You might have seen reports of another debate at Synod yesterday. We talked about Israel and Palestine, using a motion which asked us to affirm the work of the Ecumenical Accompaniment Programme in Palestine and Israel– EAPPI (and said other things too – the motion is at the end of this post).
Synod members received a lot of pressure from Jews in this country to remove the reference to EAPPI, which was regarded by many as anti-Israel. I received the first such email an hour after returning to Jerusalem from a visit to Hebron, where we had been shown round by EAPPI. EAPPI monitors and observes the treatment of Palestinians by the State of Israel, and Hebron is a key flashpoint.
Because of the lobby the Bishop of Manchester asked us to remove the specific reference to EAPPI – he chairs the Council of Christians and Jews, and was concerned about Christian Jewish relations in this country. The Bishop of Durham and, after a fashion, the Archbishop of Canterbury said the same, but Synod voted to keep the motion as it was.
I spent June inIsrael. The wisest advice I received was not to blog, or give great pronouncements about things, because life is indeed complicated, so I kept quiet to allow thoughts to emerge. It seemed right to speak in the debate though, mainly because the Irsaeli Jews we met were desperate for their State to act justly, and because the Palestinians we met (Christian and Muslim) all asked for their story to be told.
In my speech I looked for balance – so I referred to the increased security which the separation barrier has offered, as well as the fractured land it contributes to. But in the end I was convinced that the naming of an organisation trained by Quakers and part of the World Council of Churches was no threat to relations between Christians and Jews, and no threat to the State of Israel. Where conduct is right, scrutiny is welcome. Here’s the speech:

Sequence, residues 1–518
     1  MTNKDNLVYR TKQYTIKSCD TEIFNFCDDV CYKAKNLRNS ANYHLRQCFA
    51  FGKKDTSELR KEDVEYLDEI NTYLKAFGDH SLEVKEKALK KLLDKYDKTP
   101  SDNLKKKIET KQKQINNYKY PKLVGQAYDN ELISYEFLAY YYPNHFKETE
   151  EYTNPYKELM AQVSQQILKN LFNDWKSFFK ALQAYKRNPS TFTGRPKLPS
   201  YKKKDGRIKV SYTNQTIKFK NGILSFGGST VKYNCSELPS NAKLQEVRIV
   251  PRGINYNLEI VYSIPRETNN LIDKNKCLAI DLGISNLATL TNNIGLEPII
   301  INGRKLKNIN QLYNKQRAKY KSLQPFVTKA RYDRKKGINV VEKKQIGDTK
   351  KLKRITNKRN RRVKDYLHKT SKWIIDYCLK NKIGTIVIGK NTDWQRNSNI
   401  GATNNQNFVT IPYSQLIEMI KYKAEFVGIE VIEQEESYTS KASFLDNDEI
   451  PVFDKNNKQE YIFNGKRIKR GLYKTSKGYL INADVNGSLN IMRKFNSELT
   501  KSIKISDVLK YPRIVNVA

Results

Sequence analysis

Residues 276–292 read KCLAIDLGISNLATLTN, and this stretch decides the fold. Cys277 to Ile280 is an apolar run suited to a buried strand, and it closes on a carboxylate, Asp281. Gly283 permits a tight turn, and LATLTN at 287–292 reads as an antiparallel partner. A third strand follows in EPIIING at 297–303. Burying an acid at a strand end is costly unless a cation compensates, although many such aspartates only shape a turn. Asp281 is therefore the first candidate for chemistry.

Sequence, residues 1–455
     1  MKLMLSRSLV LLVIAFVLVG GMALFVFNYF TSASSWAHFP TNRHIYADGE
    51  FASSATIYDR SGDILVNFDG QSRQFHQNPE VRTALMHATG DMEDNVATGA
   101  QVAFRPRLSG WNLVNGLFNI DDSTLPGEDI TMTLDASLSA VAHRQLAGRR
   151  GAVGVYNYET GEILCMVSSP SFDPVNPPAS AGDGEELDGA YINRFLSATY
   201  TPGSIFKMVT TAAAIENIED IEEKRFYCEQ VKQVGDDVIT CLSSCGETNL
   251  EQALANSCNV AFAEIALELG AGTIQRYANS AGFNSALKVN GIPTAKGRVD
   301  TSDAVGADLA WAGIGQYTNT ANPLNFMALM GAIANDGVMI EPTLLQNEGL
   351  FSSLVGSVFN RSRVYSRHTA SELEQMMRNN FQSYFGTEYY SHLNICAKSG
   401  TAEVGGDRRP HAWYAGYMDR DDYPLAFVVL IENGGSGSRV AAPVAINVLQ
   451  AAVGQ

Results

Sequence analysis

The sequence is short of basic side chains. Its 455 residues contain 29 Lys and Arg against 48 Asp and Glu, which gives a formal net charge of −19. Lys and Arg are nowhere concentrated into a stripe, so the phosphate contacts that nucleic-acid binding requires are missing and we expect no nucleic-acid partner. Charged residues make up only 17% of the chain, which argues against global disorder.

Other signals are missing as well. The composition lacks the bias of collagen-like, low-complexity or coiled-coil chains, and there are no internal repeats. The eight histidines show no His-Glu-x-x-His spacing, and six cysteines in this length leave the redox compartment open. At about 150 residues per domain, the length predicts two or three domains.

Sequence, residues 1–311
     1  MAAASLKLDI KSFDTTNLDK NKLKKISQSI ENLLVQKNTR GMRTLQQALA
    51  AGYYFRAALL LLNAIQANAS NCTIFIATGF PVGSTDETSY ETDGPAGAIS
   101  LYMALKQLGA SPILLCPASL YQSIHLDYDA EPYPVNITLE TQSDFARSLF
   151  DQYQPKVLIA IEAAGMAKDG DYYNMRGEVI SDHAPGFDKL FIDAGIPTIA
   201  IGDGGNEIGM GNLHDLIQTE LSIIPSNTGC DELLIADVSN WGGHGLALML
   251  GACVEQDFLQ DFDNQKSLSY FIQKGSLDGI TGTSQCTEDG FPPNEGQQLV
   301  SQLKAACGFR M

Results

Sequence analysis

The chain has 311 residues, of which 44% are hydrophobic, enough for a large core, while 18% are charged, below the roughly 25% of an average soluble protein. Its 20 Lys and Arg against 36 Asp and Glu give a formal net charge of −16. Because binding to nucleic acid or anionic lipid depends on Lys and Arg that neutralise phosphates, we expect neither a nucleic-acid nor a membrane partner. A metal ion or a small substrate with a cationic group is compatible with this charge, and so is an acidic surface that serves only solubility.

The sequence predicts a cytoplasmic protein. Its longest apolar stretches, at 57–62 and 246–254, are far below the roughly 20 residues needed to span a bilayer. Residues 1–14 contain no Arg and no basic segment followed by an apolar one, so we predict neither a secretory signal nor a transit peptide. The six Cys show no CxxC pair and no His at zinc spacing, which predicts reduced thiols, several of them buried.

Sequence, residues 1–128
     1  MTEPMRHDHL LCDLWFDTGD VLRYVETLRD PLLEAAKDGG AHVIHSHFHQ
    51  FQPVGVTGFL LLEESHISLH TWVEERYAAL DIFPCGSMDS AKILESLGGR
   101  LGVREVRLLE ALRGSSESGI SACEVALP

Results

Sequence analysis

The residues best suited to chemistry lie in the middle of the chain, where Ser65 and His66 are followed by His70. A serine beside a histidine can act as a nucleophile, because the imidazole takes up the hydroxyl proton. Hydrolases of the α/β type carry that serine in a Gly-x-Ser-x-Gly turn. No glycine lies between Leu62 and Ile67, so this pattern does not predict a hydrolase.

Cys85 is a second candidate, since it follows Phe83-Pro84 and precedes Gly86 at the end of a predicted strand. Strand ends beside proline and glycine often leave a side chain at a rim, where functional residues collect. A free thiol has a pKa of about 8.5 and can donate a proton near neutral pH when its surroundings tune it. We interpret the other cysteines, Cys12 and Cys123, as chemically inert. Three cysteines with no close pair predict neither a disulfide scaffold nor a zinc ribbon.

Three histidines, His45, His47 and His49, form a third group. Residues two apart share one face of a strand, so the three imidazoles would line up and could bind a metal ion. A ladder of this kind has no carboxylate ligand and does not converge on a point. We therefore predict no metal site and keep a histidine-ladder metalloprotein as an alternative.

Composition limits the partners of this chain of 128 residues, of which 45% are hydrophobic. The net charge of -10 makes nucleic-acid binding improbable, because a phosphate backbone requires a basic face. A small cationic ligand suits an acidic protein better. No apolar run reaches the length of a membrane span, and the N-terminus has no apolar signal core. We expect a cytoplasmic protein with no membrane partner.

Mr Chairman, I hope that you, and members of the Synod, will have the chance one day to visit the Ecumenical Institute at Tantur, inJerusalem. If you do so in June, and sit at the time of the evening breeze, as the sun goes down from a cloudless sky, your thoughts might turn, as did ours, to the subject of Gin and Tonic.
This is indeed available. Mr Awwad’s store has it, and from Tantur is about the same distance as is Tescos from my Vicarage in Beverley. The difference is that to get to Awwad’s you must go through the Separation Barrier. Three weeks ago I wondered whether it was worth the bother of finding which turnstile was working, the experience of the caged walkway, whether it was worth the humiliation of waving my passport at an armed soldier just to get the Bombay Sapphire.
I confess now to how flippant and stupid a thought this was. For the people in theWest Bank life is difficult, demeaning, and occasionally life threatening. We heard about and understood the Wall’s effectiveness in increasing security and reducing the killing and wounding of the innocent. But we were also affected by the treatment of those who have to use the checkpoints each day – some of them in front of us in the queue. And we looked each day at olive groves whose owners could not tend them because the Wall divided them. Security? – may be. Land grabbing? Well, it’s perceived that way too.